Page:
U.N. Secretary-General Ban Ki-moon arrived on Sunday in Pakistan to discuss to discuss relief efforts in a tour in the areas hit by devastating flood disaster in which 20 million people were affeted as popular anger mounts over the government's failure to tackle the crisis.
Nearly 12 percent of te population, some 20 million people, have been affected by one of the worst catastrophes in Pakistan's history. Six million still need food, shelter and water, according to the United Nations.
Survivors fought over food being handed out from a relief vehicle close to the town of Sindh, ripping at each other's clothes, and causing such chaos that the distribution had to be abandoned.
The floods, triggered by torrential monsoon downpours just over two weeks ago, engulfed Pakistan's Indus river basin, killing up to 1,600 people, Reuters said.
Lack of food
Only a quarter of the $459 million aid needed for initial relief has arrived, according to the United Nations.
"I am here ... to share my sympathy and solidarity of the United Nations together with the people and government of Pakistan at this time of trial," Ban said on arriving in Pakistan.
"I am here also to urge the world community to speed up their assistance to Pakistan."
Ban met both Prime Minister Yusuf Raza Gilani and President Asif Ali Zardari, who has been a lightening rod for popular anger after travelling to Europe as the catastrophe unfolded and not cutting short his trip.
Ban's visit comes as millions of Pakistanis are increasingly frustrated by the government that has already been hit by political bickering.
Flood victims have complained that not enough government aid is arriving and looting has occurred in many flood hit areas amid increasing signs of lawlessness.
Pakistan's government has been accused of being too slow to respond to the crisis with victims relying mostly on the military and foreign aid agencies for help.
Charities said relief for those affected by the disaster, which has left more than 1,600 people dead across the country, was lagging far behind what was needed.
"There are millions of people needing food, clean water and medical care and they need it right now," Jacques de Maio, head of operations for South Asia at the International Committee of the Red Cross (ICRC), said.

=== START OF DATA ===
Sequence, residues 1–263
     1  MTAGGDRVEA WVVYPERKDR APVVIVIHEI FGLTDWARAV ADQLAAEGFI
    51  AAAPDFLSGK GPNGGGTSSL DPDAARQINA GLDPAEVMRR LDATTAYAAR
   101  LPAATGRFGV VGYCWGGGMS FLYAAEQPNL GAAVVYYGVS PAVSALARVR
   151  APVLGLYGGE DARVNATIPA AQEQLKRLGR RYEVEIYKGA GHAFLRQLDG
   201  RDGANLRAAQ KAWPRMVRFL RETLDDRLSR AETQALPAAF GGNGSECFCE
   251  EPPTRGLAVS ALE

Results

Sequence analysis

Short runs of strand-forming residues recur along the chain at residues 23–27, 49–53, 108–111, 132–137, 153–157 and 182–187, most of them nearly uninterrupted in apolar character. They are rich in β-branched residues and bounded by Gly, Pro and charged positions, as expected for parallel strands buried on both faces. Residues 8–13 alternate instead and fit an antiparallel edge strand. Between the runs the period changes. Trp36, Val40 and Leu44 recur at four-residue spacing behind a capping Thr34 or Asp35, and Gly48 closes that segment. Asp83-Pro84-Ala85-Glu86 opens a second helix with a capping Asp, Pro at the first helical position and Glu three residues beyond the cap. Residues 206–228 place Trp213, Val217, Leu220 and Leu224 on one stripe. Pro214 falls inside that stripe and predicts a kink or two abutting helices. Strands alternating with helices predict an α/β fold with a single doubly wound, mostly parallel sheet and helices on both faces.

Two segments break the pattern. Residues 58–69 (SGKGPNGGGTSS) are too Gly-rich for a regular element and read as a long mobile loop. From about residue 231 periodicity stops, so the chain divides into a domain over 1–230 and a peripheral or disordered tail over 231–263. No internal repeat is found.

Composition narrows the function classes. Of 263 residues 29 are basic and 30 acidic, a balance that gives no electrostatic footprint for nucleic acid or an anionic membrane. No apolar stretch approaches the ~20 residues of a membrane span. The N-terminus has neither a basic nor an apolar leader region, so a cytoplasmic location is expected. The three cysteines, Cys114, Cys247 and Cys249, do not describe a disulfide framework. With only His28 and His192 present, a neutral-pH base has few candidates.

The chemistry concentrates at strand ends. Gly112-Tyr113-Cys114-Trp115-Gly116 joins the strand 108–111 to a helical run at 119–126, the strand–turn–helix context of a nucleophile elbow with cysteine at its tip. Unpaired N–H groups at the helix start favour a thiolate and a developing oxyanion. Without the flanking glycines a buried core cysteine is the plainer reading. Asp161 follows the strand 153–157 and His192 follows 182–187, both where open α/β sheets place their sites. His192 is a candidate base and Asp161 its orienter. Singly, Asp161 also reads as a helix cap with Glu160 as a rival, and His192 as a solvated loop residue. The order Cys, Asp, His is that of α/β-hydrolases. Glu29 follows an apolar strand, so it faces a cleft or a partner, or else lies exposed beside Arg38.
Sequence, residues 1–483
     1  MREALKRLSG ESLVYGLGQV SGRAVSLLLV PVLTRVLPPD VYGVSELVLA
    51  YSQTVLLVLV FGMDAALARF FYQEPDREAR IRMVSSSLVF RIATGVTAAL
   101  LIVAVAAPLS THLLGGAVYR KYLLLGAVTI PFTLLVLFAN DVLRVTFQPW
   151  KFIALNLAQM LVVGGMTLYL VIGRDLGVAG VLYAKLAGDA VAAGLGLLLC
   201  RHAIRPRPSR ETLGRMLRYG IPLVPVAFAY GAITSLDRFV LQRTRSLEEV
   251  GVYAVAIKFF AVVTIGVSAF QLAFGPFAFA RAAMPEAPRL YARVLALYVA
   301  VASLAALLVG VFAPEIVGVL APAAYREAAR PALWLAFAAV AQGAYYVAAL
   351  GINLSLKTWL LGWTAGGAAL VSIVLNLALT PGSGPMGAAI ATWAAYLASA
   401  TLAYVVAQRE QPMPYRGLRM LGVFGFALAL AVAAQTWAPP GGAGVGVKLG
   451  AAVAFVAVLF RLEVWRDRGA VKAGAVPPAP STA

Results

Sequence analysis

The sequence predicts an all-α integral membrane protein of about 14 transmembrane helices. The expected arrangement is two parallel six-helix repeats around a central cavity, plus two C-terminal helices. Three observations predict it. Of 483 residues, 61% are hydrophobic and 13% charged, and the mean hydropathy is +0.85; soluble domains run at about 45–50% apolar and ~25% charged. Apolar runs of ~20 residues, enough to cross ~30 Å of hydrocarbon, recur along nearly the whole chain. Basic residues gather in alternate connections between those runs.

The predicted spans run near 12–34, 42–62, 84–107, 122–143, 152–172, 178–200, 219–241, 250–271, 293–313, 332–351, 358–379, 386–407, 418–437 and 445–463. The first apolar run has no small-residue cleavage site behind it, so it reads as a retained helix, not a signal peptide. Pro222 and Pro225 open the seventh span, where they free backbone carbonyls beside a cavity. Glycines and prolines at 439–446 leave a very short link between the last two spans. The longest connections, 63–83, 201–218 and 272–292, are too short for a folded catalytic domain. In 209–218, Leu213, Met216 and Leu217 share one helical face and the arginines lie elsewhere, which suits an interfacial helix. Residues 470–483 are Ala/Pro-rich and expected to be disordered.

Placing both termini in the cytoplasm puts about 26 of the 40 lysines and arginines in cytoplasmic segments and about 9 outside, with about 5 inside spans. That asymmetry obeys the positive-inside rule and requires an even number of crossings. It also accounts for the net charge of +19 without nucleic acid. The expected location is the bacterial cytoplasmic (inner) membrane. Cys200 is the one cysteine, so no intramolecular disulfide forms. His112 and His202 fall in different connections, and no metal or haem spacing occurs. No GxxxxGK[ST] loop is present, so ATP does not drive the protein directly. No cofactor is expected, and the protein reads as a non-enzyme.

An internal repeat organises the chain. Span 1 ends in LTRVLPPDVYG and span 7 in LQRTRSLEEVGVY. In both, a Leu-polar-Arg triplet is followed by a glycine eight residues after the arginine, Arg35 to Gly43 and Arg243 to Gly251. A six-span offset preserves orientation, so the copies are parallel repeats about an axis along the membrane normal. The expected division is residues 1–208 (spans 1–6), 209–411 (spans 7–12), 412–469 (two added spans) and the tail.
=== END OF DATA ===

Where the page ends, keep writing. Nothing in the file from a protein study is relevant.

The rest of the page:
Floodwaters pose new threats to the populous Sindh province and the southwest province of Baluchistan, a region also hit by a decades long separatist insurgency.
In the northwest Swat valley, flour, cooking oil and rice were carried by mules along narrow mountain tracks to 150,000 people in Shahpur, with roads cut off and the weather too bad for helicopters.
The United Nations has warned of a second wave of deaths among the sick and hungry if help does not arrived.
Cholera, which can spread rapidly after floods and other disasters, had also been detected in the northwest, where the floods first hit more than two weeks ago after exceptionally heavy monsoon rains.
The U.N. has reported the first case of cholera amid fears that disease outbreaks could spread with survivors sleeping in makeshift tarpaulin tents. Some beg or loot.
Bridges have collapsed, highways have been snapped in two by torrential rains and villages have been cut off from the outside world in what was already one of the poorest countries in Asia.
The International Monetary Fund has warned of major economic harm and the Finance Ministry said it would miss this year's 4.5 percent gross domestic product growth target.
Any economic downturn would come just as the government aims to fund projects across the country to win hearts and minds in the battle against the Taliban.
Wheat, cotton and sugar crops have all suffered damage in a country where agriculture is a mainstay of the economy.
AgenciesGüncelleme Tarihi: 15 Ağustos 2010, 12:43